The Final Fifty

Page One: A - C

In alphabetical order, just because...

A Father And A Son - Loudon Wainwright III

John was responsible for the American singer/songwriter breaking through in the early 70s by being the only DJ playing his stuff. This song, written by one family man, meant a lot to the family man who played it on air. Wainwright played live for Peel more than once, but never succeeded in playing this one right: it was so important a song to both of them that he could never get past the first verse.

A Huge Ever-Growing Pulsating Brain That Rules From The Centre Of The Ultraworld (Loving You) - The Orb

I've gone on record (pardon the pun) elsewhere on this site about this track. It was recorded as a Peel Session fifteen years ago this December, and broadcast a few days afterwards. Lying in bed on a dark December night listening to this astonishing soundscape through headphones was a revelation.

A Legend In My Time - Half Man Half Biscuit

A rather sad track in retrospect, this. It was one side of a one-off acetate single (the other side being by other perennial Peel faves The Fall) which was presented to Peel on his 65th birthday, less than two months before his death. This is the Birkenhead band's reworking of a song written by Don Gibson and which, in its Roy Orbison version, was another favourite of the great man. And he was a legend, too.

Ai Bine - Ali Farka Touré

Despite saying in a letter to John in 1987 that the African music he played never really grabbed me, there were to be exceptions. I remember him playing this track from the Malian guitarist's The River album one humid evening in the summer of 1990 and being blown away by it. This was the Joy Of Peel, if you like: you could never tell what was coming, and you could never know what would have its effect. You can hear a clip of this track here.

Alec Eiffel - The Pixies

The American noiseniks of the late 80s were grist to the mill at Peel Acres, and the Pixies were another band which he helped on their way, although this was one of band's final releases.

All Apologies - Nirvana

Kurt Cobain had a sense of humour - albeit a rather bleak one - and he displayed it on this song, a mocking mea culpa for comments he'd allegedly made about gay people. Peel was an early champion of Nirvana (and much of what was later called 'grunge' by lazy journalists) long before David Geffen got involved and before Cobain was turned into yet another Dead Rock Icon. My preferred version of the song is found on the MTV Unplugged album, which gives a tantalising glimpse of where Cobain might have been heading musically had he not ate the bullet.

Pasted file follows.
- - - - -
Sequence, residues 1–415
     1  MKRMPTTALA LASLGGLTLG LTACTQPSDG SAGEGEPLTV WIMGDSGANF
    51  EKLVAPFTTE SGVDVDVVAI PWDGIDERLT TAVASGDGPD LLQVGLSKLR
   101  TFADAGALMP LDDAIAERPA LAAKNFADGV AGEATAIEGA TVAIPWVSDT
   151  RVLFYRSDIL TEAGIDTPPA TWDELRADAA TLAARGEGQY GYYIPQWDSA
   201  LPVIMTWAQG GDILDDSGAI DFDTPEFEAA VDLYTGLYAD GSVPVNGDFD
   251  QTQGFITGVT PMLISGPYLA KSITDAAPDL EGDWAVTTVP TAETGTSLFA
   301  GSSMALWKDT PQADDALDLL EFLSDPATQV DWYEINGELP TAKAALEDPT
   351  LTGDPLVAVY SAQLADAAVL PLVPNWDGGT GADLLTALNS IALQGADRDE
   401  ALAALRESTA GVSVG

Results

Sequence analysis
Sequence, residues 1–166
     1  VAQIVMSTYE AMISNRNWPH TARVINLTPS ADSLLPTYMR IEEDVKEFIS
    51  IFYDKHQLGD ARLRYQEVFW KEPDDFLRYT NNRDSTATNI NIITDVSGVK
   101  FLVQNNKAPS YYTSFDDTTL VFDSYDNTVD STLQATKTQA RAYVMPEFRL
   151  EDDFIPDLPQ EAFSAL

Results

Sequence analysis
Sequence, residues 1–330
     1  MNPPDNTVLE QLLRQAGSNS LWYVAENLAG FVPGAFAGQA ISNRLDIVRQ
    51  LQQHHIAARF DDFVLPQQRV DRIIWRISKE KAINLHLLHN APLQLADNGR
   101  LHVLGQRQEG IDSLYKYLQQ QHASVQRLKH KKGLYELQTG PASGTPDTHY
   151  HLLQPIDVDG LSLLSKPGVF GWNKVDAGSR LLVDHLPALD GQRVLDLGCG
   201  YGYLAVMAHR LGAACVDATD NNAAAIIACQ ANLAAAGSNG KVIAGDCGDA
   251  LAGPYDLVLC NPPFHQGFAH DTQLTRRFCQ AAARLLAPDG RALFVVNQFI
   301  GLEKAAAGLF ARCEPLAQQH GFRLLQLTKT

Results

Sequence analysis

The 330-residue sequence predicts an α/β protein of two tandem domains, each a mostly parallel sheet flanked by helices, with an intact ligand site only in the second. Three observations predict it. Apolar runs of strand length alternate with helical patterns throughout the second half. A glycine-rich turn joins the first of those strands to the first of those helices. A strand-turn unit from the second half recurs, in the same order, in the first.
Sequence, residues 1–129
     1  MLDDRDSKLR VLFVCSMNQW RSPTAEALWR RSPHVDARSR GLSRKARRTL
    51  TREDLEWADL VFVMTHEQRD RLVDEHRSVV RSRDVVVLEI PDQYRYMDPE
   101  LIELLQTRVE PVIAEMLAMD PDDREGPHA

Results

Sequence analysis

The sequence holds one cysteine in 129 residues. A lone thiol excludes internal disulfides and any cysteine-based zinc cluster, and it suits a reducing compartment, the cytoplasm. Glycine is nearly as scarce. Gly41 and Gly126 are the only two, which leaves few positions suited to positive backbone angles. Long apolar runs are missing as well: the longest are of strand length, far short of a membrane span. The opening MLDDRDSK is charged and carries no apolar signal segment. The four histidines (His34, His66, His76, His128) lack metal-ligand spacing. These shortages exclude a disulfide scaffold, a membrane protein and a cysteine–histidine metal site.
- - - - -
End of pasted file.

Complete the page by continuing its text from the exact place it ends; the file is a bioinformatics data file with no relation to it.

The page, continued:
Am - Datblygu

As I also said in my letter, John Peel was the only DJ outside of Welsh-language radio who played artists performing in our national language. Yr Anrhefn, Y Cyrff, Gorkis (q.v.), Llwybr Llaethog all featured down the years. Most challenging of all was David R. Edwards' twisted electropop, in which the nearest thing we've ever had to a Mark E. Smith of our very own mused on a variety of messy subjects. This is one of his bouncier numbers, but in the lyrics he still continues his war with cultural conformity.

Bi Lamban - Toumane Diabate with Ballake Sissoko

Back to Mali again, but in a different style, with the Kora duet updating an album which had been recorded some thirty years before by their fathers. A quiet, atmospheric piece (recorded late at night in the Malian parliament building) which gave the lie to the commonly-held notion that Peely only liked loud noises.

Bloody - The Golinski Brothers

A classic piece of post-punk nonsense, and a track which was a regular fixture in the cassette machine when the family Ravenscroft went on long car journeys. John particularly liked the line "Send my Giro to Cairo", and the whole clan would belt out the line "Still, you gotta 'ave a laugh - ha, ha, HA, ha!"

Breaking News - Half Man Half Biscuit

Another track from the DJ's second-favourite band (he said he wanted them buried with him - I don't think he got his way on that one). Nigel Blackwell's unerring eye for contemporary cultural references finds its target once again, including pot-shots at teenagers spitting needlessly, people who own Agas (but don't know how to use them) and celebrities and poseurs galore.

Cognoscenti v. Intelligentsia - Cuban Boys

The Cuban Boys gained such a fan in Peel that he made them honorary members of his family. Although this is their most famous track (narrowly avoiding the fate of being a Christmas #1), they made better ones, including one based on the sounds made by Flossie Ravenscroft's novelty Japanese alarm clock.

Coming Out Soon - Melrose

Who else in the whole world would play rockabilly from Helsinki?

Destroy The Heart - The House Of Love

For some reason I stopped listening to the Peel Wing-Ding at the end of 1988, and didn't go back to it for about ten months. This was the last track I heard before my departure, as it was Number One in the Festive Fifty for '88. A storming piece of indie from the fade-in of jangly guitar to the last-chord echo.

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